Aella recently opened a showroom in downtown Los Angeles that doubles as a meeting space and place for customers to shop by appointment. It also added a skirt and two tops to its offering as it tests expansion into new categories.
“Most investors are familiar now with the [e-commerce] territory that the proof point has definitely increased,” Cho said. “You can’t wave money on just an idea online. People want to see actual product. People want to see that you have a marketing plan. That just comes down to branding.”
Strong identities may be the one commonality running through the fashion tech companies that have managed to nab funding.
“In general, the venture community, I think, has been a little more leery of e-commerce companies largely because at the end of the day, they’re not a business you can scale in the same way you can [brick-and-mortar],” Greycroft’s Settle said. “You have to really invest in building a brand and ultimately acquire customers and continue to acquire customers all the time.”
Competition is fierce in e-commerce, said Michael Zerah, whose company The Daily Brands makes the accessories shopping app Daily Vice. The app, which counts about 5,000 users and features one accessory to buy daily, has been meeting with angel investors as it looks to raise seed funding.
“The more innovative you can be and the more you can appease and attract the Millennial demographic — that’s where it’s at,” Zerah said. “If you go in [to investors] trying to be like an Etsy, Fab or any of the other Web sites, it’s not going to work. You can’t be just another e-commerce platform.”
That’s why he, along with others, see mobile as the future.
“Mobile is where it’s going and that’s what we’re betting on,” Zerah said. “The consumer attention span is milliseconds. The days of Amazon and Gilt shopping, taking time to browse, are kind of archaic ways of shopping. The more curation we can provide to the user and [say] ‘This is what I’ve got for you, at this price point. Do you want it, yes or no?’ And that’s how we pitch it [to investors].”
Daily Vice hopes to add a swipe feature similar to dating app Tinder sometime in the summer.
The company, like many start-ups, isn’t disclosing revenue projections for the year, with Zerah saying, “We’re going to stay pretty private and keep it close to the chest.”
After all, no company wants to be the one that explodes out of the gate with mega-venture capital rounds and then trips over false starts.
The industry’s “littered with the carcasses of companies that have raised $20 million” and then gone away, pointed out Karn Saroya, cofounder of the Canada-based app Stylekick. The app showcases street style fashion one outfit at a time.
The company’s recently closed angel round totaled $1 million and that money’s since been funneled into improving the app’s shopping capabilities, with the recent debut of an update that landed the app on the homepage of Apple App Store. The company will gear up for its seed round in about six months, according to Saroya.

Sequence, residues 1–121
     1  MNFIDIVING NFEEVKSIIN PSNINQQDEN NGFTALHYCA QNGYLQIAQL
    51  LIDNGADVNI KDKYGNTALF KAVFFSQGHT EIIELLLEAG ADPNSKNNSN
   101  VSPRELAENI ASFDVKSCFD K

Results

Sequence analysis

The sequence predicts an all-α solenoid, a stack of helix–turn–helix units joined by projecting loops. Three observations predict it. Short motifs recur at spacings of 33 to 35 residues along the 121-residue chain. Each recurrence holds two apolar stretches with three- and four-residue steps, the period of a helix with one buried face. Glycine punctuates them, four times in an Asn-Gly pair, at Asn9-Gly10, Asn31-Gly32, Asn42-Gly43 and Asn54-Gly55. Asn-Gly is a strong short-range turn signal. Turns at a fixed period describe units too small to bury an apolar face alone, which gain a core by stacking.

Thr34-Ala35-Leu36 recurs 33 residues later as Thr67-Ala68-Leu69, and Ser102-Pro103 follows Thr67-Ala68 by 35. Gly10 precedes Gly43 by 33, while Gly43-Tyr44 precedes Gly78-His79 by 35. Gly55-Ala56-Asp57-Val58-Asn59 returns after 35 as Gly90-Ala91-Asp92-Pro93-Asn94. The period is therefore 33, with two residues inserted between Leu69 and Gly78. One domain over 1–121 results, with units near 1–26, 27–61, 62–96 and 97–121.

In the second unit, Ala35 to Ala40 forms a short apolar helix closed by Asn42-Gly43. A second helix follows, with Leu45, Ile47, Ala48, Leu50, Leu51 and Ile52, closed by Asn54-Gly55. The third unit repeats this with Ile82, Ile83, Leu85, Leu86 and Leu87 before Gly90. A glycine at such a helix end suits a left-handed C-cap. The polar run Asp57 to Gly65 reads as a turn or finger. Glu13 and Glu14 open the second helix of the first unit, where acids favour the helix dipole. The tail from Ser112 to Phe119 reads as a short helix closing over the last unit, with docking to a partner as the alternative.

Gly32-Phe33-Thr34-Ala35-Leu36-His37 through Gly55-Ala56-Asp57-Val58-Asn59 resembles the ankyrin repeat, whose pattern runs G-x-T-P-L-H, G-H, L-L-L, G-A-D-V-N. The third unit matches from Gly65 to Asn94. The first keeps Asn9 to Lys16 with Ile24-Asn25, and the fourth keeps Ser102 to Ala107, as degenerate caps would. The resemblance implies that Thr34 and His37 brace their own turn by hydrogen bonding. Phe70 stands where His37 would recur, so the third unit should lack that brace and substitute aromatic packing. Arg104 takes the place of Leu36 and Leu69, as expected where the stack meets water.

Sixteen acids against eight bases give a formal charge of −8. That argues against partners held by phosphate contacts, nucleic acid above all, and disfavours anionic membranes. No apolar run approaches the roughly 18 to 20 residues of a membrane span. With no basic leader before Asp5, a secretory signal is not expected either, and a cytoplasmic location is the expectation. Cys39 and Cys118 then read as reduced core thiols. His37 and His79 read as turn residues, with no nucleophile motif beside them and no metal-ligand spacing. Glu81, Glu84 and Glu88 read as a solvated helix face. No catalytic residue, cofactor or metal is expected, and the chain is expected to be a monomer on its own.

“The story up until now has been to release this quietly, get feedback and then iterate,” Saroya said. “The very first iteration of Stylekick was built in three days. All it did was it showed three outfits at a time. All you could do was double tap on any part of an outfit. We saw incredibly high levels of engagement. So we took a step back and built out the app for real and spent five or six months building out the shopping functionality. So when we did that and we started to show traction, we were getting millions of impressions a month.”
To ensure buzzy brands don’t get ahead of themselves and grow too quickly or only focus on top line growth, the business strategy for some has shifted to a focus on profitability right out of the gate. That’s particularly the case with e-commerce.
“E-commerce businesses are just lower margin businesses fundamentally, so I think for a while a lot of investors were thinking about that difference and thinking, like all start-ups, it was just about scale and that’s when we ran into those things like Fab that actually never had a business model that worked,” Settle said. “So we at Trunk Club did focus on profit over growth mostly because you really do want to understand the levers in the business.…At the end of the day, businesses have to run a profit at some point.”
That’s what all companies should be thinking about, said Carbon38 cofounder and chief executive officer Katie Warner Johnson. “I think that should be the strategy for any business, whether you’re getting institutional capital or not,” she said.
With a steady stream of funding announcements and swelling valuations — and few IPOs to show for it — there have been cries of another tech bubble. But industry watchers say the hysteria is overplayed and somewhat misguided.
“It’s definitely frothy right now for start-ups. I wouldn’t go as far as calling it a bubble,” CB Insight’s Wong said. “Adding nine figures of funding over just six months, it’s definitely worrying for some companies. There’s a worry that if companies are going to stay private this long and not even test the public markets, then there will be more companies like Fab — or at least some sort of normalization where there’s a disconnect in what they can raise in private and what they can raise from an IPO.”